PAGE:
Deutsche Bank fined nearly $10 million for controlling Euribor | Investment News

By Tom Sims and Hans Seidenstuecker

FRANKFURT (Reuters) – German financial regulator BaFin has fined Deutsche Bank nearly $10 million over controls related to the Euribor interest rate, a setback for the country’s biggest lender as it seeks to restore its reputation.

The 8.66 million euro ($9.77 million) fine announced on Wednesday is the first imposed by BaFin under a 2018 rule aimed at preventing the manipulation of Euribor, the index of reference of the interbank offered rate in euros used in the financial sector.

“The bank at times did not have effective prevention systems, controls and policies in place,” BaFin said.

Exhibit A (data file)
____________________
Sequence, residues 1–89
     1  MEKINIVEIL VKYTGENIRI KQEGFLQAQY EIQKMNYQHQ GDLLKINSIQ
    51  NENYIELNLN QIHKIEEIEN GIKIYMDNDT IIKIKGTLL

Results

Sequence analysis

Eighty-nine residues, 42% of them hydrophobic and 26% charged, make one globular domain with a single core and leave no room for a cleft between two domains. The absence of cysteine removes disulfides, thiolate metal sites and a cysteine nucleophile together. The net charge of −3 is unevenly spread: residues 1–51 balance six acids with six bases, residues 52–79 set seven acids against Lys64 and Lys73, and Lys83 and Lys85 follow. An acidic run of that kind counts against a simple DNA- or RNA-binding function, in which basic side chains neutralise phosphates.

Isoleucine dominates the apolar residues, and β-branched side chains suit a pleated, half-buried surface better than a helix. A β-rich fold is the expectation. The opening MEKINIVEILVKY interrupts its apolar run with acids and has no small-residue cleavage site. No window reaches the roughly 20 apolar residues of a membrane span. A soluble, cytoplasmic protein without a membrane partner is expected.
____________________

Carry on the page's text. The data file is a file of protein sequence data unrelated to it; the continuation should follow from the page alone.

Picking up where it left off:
Deutsche Bank said it accepted the fine and had put in place measures to improve its controls over Euribor.

The bank added that there was no reason to believe that it had submitted incorrect rates to the reference administrator.

The period in question was between April 2019 and April 2020, a source with knowledge of the matter told Reuters.

BaFin found flaws in some processes intended to safeguard the quality of the data used to calculate the rate, including weaknesses in regular checks and other organizational precautions, the source said.

The bank has been the subject of numerous regulatory and legal investigations over the past decade. This has included rate-rigging allegations that have implicated several global banks.

In April, BaFin ordered Deutsche Bank to implement new safeguards to prevent money laundering.

Under new management, BaFin itself tried to restore its image but failed to spot wrongdoing before the collapse last year of German payments company Wirecard.

(Reporting by Tom SimsEditing by Louise Heavens and David Goodman)

Copyright 2021 Thomson Reuters.

James V. Hayes